Last week, the chief medical officer (CMO) for the Centers for Medicare & Medicaid Services (CMS), Dora Hughes, MD, MPH, published a blog in Health Affairs Forefront, calling out the progress since the October 2021 of the release of the 2030 vision from the CMS Innovation Center, “A health system that achieves outcomes through high quality, affordable, and person-centered care.” (Hughes, D., 2023).
The blog posting discussed the progress that has been made thus far, however I think it will be relevant for today’s discussion to cover what has and is still expected for 2023.
Thus far we have seen the release and refinement of the health-related social needs (HRSN) screening with additional toolkit information for implementation. In addition, I have reported on the release of the fiscal year (FY) 2024 proposed rule for the Inpatient Patient Prospective Payment System (IPPS) initiatives related to health equity, specifically the social drivers of health initiative and additional quality bonusing for hospitals with high proportions of Medicaid-Medicare patients.
CMS states they are committed to continue the support for safety-net providers by evaluating and building future model designs that encourage care for Medicaid beneficiaries.
In the article, Dr. Hughes provides a high-level picture of the forthcoming initiatives from the CMS Innovation Center including the following:
- Identifying and expanding the opportunities for care delivery to people with disabilities;
- Investing more in rural health, particularly geographically isolated communities;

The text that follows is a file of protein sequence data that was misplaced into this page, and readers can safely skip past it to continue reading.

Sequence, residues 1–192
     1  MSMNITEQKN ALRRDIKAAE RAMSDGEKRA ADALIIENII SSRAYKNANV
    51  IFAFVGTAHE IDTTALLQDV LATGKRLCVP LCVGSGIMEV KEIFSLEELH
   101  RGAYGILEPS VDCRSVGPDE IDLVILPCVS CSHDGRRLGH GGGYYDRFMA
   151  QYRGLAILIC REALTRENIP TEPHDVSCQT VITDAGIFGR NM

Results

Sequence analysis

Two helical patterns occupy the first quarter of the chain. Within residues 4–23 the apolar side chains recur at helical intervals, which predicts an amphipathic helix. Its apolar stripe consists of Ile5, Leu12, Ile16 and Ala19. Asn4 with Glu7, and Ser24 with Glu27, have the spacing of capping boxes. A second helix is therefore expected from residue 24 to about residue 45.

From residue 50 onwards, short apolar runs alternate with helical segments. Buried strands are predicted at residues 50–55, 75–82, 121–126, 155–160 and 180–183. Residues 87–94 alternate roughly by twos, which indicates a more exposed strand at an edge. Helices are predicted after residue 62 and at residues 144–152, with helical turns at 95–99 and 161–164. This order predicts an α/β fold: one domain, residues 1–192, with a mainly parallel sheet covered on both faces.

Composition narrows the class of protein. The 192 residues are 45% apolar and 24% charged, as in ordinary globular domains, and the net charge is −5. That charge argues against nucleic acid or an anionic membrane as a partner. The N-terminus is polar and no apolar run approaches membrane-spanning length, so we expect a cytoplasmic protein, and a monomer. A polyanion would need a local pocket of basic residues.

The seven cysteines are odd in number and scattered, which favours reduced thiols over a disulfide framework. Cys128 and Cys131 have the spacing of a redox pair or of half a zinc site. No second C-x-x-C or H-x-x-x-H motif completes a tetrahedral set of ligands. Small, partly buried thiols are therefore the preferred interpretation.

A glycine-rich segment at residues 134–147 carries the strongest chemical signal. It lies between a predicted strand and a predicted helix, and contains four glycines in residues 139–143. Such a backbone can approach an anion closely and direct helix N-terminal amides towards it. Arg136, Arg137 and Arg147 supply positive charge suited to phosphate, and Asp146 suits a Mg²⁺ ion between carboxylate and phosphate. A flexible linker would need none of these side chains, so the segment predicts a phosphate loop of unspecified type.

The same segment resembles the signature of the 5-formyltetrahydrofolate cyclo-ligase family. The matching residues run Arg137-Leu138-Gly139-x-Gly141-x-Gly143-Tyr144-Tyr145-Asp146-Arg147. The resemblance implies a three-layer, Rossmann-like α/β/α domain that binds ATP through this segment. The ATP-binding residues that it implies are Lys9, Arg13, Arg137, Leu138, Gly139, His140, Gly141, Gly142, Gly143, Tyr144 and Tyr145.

- Exploring social risk adjustment factors for payment which may include measures such as frailty, eligibility for the Part D Low Income subsidy, and life expectancy;
- Methods to help address high-cost drugs, and increase access to life-changing drug therapies. Specifically called out was the Cell and Gene Therapy Access Model. This initiative also calls for a generic drug maximum copayment of $2 a month for Medicare beneficiaries; and,
- A method to identify implicit bias in CMS initiatives to avoid the further perpetuation of inequality.
I think we have seen in recent weeks a shift in the air as many hospitals are laying off personal as they combat the financial woes of the healthcare industry. This news will likely continue for health systems as we continue in our collision with a new wave of healthcare in which social complexity is acknowledged and financially rewarded in a value-based structure that is clashing with the Medicare fee for service (FFS) models of today.
Advancing Health Equity Through The CMS Innovation Center: First Year Progress And What’s To Come | Health Affairs